By Jared Chausow
By Katie Toth
By Elizabeth Flock
By Albert Samaha
By Anna Merlan
By Jon Campbell
By Jon Campbell
By Albert Samaha
Charity begins at home, and having been to a few hundred fundraiser events around town, I sometimes wonder if it should stay there. Charity bashes drip with good intentions, which is a surefire way to pave the road to a gigantic, tax-deductible yawn. A sit-down leukemia dinner at the Waldorf, for example, tends to be a must-avoid for the uninitiated because it will be filled with self-congratulations, thank-yous, and dull speeches filled with shocking revelations like "Leukemia is bad, and we must fight it." Just send a check instead.
Everyone is so well behaved at these things because it's a charity event, after all, so they're wearing their best breast-cancer gown or finest lymphoma suit and oozing soul-crushing amounts of caring and politeness. You want to slap them, especially because they have no militancy about how things can really be changed—they just dress up, wear a ribbon, and buy a table, and are convinced that that's the cure.
Mixed in with these goody-goodies are the hard-sell showbizzy types who filter in, anxious to get publicity out of a situation that's so deadly earnest it cries out for some glitz and actually welcomes them, hoping they'll help sell tickets and garner some after-press. These relentless B listers swarm the red carpet—which is backed by a giant curtain dotted with sponsor logos aiming to get noticed—and offer unusable soundbites about the need to stomp out cleft palates in Iran in between promoting their latest Internet miniseries about South Florida hookers who moonlight as undercover neurosurgeons. It makes for such a confusing mixture of good intentions and performance art that you don't know whether to applaud or spew. At least at a movie premiere, you're aware that it's strictly about whoring, with no other agendas clouding the evening's mission. But here, you're never quite sure what people are selling or buying, and that's what makes things even more uncomfortable than some of the illnesses you're there to fight.
And even the showbiz people are afraid to have fun at these events. It would be bad press, so they act all broom up the ass, radiating a Mother Teresa–like concern as their breasts flop around while the eyes stay camera focused. Besides, there is no fun to be had. First there's a silent auction where you bid on dozens of baskets filled with old Sex and the City DVDs and a one-way trip to Virginia Beach. Then you're treated to a celeb lecturing you on how your salad didn't harm the rain forest, followed by a down-on-his-luck singer collecting a paycheck for reprising his whimsical 1992 easy-listening hit about alien-mating rituals. And then there's more preaching, speechifying, and testimonials, all designed to sell you on the charity, even though I already paid! Well, other people already paid!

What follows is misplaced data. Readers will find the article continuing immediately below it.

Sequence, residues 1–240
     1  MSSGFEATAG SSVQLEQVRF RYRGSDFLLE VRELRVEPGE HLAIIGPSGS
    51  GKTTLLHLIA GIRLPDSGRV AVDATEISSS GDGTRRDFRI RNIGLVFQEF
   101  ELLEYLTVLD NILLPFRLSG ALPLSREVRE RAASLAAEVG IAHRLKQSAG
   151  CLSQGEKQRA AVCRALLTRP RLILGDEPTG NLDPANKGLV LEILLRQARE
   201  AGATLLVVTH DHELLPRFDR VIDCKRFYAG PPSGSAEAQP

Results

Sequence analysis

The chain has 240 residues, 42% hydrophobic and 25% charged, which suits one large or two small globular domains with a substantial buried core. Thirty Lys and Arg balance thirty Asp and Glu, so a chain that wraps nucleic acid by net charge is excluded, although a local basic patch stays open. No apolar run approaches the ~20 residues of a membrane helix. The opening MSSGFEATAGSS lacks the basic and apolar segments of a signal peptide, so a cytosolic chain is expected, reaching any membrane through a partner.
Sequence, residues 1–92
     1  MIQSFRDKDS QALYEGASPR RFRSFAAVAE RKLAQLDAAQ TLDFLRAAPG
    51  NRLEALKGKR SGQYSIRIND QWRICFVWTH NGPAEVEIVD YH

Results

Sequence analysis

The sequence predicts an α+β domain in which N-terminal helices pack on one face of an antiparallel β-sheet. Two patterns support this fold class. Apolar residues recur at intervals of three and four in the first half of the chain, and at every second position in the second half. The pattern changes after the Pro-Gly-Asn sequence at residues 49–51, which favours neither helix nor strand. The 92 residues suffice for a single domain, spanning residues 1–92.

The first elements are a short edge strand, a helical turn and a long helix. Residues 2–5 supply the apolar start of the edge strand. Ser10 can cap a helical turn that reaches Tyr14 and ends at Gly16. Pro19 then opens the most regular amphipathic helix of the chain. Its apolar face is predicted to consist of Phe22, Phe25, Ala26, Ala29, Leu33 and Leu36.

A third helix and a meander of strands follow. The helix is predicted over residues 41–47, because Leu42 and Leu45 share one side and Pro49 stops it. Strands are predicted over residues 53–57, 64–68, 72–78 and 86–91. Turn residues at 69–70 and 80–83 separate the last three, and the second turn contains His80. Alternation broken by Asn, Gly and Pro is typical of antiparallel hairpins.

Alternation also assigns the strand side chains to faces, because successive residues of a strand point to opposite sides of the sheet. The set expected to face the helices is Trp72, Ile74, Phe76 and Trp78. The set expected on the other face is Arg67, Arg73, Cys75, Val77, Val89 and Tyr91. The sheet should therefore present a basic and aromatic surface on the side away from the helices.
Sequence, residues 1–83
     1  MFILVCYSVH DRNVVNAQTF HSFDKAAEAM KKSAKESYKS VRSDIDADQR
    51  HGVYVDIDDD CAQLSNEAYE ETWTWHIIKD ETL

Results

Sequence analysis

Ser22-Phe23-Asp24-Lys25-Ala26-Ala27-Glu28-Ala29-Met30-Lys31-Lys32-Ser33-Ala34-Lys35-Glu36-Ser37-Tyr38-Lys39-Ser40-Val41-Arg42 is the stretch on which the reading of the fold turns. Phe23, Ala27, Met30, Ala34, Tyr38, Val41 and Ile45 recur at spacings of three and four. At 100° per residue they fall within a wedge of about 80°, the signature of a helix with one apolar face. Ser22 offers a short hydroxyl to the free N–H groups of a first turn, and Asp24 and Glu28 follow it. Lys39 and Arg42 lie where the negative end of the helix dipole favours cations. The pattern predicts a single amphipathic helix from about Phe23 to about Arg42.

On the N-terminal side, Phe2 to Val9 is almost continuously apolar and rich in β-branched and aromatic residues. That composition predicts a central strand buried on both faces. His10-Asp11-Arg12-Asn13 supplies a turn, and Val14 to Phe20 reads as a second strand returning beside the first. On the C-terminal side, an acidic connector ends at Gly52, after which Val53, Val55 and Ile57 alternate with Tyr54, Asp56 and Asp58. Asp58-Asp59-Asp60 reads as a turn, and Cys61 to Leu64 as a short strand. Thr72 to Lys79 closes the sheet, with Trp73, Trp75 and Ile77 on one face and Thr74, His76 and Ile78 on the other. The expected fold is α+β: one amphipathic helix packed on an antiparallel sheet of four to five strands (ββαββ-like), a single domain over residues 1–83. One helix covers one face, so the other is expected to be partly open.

At least charity events tend to bring out some amusing contradictions: rich people who regularly starve themselves sitting around commiserating about world hunger. Gays who bareback all day gathering to tirelessly fight AIDS. Once-promising actors who sold out for a reality show rallying to support the arts. The contradictions are so hilarious, they probably should have titled the event, "Oxymoron, the Musical."
The resulting fundraisers are like one-night Kickstarter campaigns with dinner, but you're trapped there all night, mwahing everyone for miles until you need your own benefit for facial paralysis.
And where does the money go? To stage such a gala, they have to spend a fortune on room rental, entertainment, food, promotion, and often their own expense account enhancement. You wonder if they ended up making even a dime for the needy. When someone official-looking gets up and announces, "Tonight's benefit has raised $25,000," everyone cheers while I silently wonder if that's net or (very) gross. Fortunately, the gift bag—skin cream, a T-shirt, a self-produced CD, and a $25-off coupon if you spend $45,000 or more at a jewelry store—was totally donated.
Yes, I am being sardonic and a bit hyperbolic here. I know that many charity events do some good in addressing societal problems, just as they set out to do. I've been to some fine events for homeless LGBT youth, for young artists, and for all sorts of causes that cry out for our support. And I know that there are a lot of people who work their tits off on charity galas because they really care.
But the self-importance and misguided energy can kill the party for me. As my good friend Joan Rivers wrote in her latest book, I Hate Everyone . . . Starting With Me: "I am so bored going to a 25-million dollar house to hear a mogul say, 'Good news, everyone. Tonight we've raised almost $12,000.' You paid your gay hustler more than that, you cheap thing. Why not spare all of us the canapés, small talk, and crème brulee, and just write a damn check?"
Feel free to buy a table, mind you, if you can afford it. It'll be a good write-off, and you might go to sleep easier about having given back to the world that has crushed so many unfortunate people. But it might be more advisable to go out in the streets and protest the corporate corruption that can get in the way of charitable intentions. That could really make a difference, and it's totally free. Ah, what the hell. I'm getting my genital herpes outfit together as we speak, and it's a wow.